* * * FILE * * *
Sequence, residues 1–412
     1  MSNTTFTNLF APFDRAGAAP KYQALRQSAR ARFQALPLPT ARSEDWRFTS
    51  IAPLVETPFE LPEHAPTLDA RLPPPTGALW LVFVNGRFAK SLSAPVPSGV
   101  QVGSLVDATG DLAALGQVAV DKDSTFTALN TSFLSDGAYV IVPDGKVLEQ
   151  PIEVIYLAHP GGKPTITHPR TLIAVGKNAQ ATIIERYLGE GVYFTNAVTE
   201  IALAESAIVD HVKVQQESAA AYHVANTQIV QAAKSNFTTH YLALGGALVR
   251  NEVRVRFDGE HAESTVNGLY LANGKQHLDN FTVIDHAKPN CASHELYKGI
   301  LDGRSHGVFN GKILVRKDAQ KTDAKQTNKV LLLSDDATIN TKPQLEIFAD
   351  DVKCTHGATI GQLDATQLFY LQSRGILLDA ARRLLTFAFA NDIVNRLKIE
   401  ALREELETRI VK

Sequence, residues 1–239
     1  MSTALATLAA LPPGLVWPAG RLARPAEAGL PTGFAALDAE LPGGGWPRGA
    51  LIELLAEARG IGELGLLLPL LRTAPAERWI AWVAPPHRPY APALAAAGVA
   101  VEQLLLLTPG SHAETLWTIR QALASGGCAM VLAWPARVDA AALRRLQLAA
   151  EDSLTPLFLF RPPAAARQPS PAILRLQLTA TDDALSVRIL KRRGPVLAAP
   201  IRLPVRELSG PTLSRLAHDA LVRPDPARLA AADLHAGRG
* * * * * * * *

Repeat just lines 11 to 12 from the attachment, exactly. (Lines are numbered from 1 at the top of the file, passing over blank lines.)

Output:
Sequence, residues 1–239
     1  MSTALATLAA LPPGLVWPAG RLARPAEAGL PTGFAALDAE LPGGGWPRGA